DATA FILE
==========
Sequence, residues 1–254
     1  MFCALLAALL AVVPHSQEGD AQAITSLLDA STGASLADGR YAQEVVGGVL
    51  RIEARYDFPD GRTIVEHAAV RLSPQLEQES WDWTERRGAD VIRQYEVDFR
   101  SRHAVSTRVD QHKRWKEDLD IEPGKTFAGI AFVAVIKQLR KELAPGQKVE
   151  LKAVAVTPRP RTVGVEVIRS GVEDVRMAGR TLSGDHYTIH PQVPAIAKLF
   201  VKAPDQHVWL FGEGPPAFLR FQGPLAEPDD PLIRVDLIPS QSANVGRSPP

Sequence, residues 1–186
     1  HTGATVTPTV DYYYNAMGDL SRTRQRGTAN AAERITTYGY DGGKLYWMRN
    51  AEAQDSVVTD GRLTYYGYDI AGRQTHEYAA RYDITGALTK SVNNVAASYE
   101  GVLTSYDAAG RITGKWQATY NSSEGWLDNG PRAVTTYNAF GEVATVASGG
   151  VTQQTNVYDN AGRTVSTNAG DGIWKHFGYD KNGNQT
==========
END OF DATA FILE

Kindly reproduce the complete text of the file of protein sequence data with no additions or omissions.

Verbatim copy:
Sequence, residues 1–254
     1  MFCALLAALL AVVPHSQEGD AQAITSLLDA STGASLADGR YAQEVVGGVL
    51  RIEARYDFPD GRTIVEHAAV RLSPQLEQES WDWTERRGAD VIRQYEVDFR
   101  SRHAVSTRVD QHKRWKEDLD IEPGKTFAGI AFVAVIKQLR KELAPGQKVE
   151  LKAVAVTPRP RTVGVEVIRS GVEDVRMAGR TLSGDHYTIH PQVPAIAKLF
   201  VKAPDQHVWL FGEGPPAFLR FQGPLAEPDD PLIRVDLIPS QSANVGRSPP

Sequence, residues 1–186
     1  HTGATVTPTV DYYYNAMGDL SRTRQRGTAN AAERITTYGY DGGKLYWMRN
    51  AEAQDSVVTD GRLTYYGYDI AGRQTHEYAA RYDITGALTK SVNNVAASYE
   101  GVLTSYDAAG RITGKWQATY NSSEGWLDNG PRAVTTYNAF GEVATVASGG
   151  VTQQTNVYDN AGRTVSTNAG DGIWKHFGYD KNGNQT